There are lots of good reasons why people choose to live in tiny spaces—budget, environmental awareness, and a challenge from NYC Mayor Bloomberg among them—but the trouble is, many are either just ho-hum or downright terrible to look at. Not keen on occupying what looks like a slightly upscaled dog house, but still down for some small space living? These seven gorgeous projects, while certainly not the smallest house in the world, might provide some inspiration. It should be no surprise that the first one, the ONE+ concept house outside of Stockholm, is European. After all, the Euros have serious experience combining small space and stylish design. Drafted by Danish architect Lars Frank Nielsen, the 121-square-foot house is now being produced en masse by the Swedish firm Add a Room. Built by Scandinavian carpenters, the ONE+ is part of a modular design that can be expanded by simply adding another unit. That is, of course, if you tire of living in a house that barely fits a bed.
↑ The Tumbleweed Tiny House Company, as one might expect, specializes in tiny houses. Sticking mostly to traditional styles, Tumbleweed draws up plans for homes, then consumers can purchase the plans and have the home built by a contractor. The plans for this cute cottage, dubbed the Bodega, call for 261-square-feet and cost $695. Completing the tiny house will cost somewhere in the area of $30,000.
↑ The lightweight, 2.6-meters-square dwelling known as the Micro Compact Home debuted in Germany in 2005 and packs sleeping, working, dining, and cooking space into its modernist form. It's designed for one or two people, obviously, and can adapt "to a variety of sites and circumstances." Price? €50,000, or approximately $61,775.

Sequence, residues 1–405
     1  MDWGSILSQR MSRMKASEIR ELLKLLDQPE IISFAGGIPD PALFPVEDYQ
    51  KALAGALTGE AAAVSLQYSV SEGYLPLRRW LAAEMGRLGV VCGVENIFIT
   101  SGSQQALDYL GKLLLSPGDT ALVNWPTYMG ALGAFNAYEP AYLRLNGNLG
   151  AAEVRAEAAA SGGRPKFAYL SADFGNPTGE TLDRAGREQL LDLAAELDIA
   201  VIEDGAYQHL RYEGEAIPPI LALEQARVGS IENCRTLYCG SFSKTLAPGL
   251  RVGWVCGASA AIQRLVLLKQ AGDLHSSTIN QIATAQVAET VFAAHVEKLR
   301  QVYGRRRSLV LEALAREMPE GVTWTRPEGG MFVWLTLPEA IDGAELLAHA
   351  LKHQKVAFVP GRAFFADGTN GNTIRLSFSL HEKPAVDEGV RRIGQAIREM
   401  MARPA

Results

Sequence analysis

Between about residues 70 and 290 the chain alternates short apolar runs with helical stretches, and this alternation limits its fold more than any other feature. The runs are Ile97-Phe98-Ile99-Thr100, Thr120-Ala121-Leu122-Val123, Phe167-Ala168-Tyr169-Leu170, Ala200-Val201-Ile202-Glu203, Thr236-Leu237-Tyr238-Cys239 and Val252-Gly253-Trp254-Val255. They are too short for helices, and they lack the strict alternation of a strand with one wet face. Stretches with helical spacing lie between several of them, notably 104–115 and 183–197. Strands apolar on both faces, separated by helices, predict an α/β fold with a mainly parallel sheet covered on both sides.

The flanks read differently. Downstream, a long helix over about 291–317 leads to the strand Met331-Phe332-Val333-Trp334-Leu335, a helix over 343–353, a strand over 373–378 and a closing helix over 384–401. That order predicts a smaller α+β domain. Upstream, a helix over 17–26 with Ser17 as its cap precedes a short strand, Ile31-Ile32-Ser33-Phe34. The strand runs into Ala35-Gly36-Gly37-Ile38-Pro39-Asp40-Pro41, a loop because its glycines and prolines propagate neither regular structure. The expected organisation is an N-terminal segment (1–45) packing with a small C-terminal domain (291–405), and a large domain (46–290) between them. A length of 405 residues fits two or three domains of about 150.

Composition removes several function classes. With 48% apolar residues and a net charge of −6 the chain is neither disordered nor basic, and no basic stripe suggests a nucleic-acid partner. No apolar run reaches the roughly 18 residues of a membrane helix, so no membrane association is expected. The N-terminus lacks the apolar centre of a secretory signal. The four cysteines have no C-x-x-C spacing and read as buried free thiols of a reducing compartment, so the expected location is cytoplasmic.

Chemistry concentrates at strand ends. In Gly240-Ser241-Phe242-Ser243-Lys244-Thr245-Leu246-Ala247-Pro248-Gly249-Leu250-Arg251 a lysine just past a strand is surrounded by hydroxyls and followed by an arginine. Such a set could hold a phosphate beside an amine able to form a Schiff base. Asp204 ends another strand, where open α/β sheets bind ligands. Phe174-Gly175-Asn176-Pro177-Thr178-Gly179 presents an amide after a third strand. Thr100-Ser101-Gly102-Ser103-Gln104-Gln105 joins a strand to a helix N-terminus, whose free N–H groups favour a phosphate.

↑ Tumbleweed—which, by the way, is based in California—doesn't just do the classic cottage look. In fact, the company turned out a rusted box for all the modern/post-apocalyptic fans. Known as the Popomo, the 171-square-foot is large enough to fit one bedroom, a great room, a kitchen, and a bathroom (sorry, bathtub fans need not apply). Narrow enough to fit on a trailer for easy transport, the 7,500 pound house might look best perched on a mountainside.
↑ Like Tumbleweed, Tiny Texas Houses is a company that's not afraid to commit to small houses on the marquee. They also bring a little classic Texas flair to the task of designing small houses. This one, a privately-commissioned 12-foot by 28-foot one bedroom, features two porches, a classic, rusted corrugated metal roof, "long-leaf pine floors throughout and Loblolly pine on the ceilings and walls."
↑ Meet Vickie, the tiny Texas house outfitted with all the charm and detailing of a full-sized Victorian. The 240-square-foot cottage is one large open room, like a studio apartment, but with a front porch. Also suitable for transport by trailer, Vickie could be moved across the country by truck, but the builders say she's best suited for warm climates.
↑ Lastly, here's weeHouse, a prefab—and, at $125/square foot, relatively affordable—system from Minnesota-based Alchemy Architects. Shown here is the home of a violinist with the Minnesota Orchestra—she and her family "enjoy off-grid living." The 336-square-footer, the original weeHouse, is clad in cementitious siding and features Ikea cabinetry within; it was built for $60K and crane-lifted on-site.
· ONE+ [Add a Room]
· Bodega [Tumbleweed Tiny House Company]
· Popomo [Tumbleweed Tiny House Company]
· The Rancher [Tiny Texas Houses]
· Vickie [Tiny Texas Houses]
· Micro Compact Home [official site]
· Arado [weeHouse]
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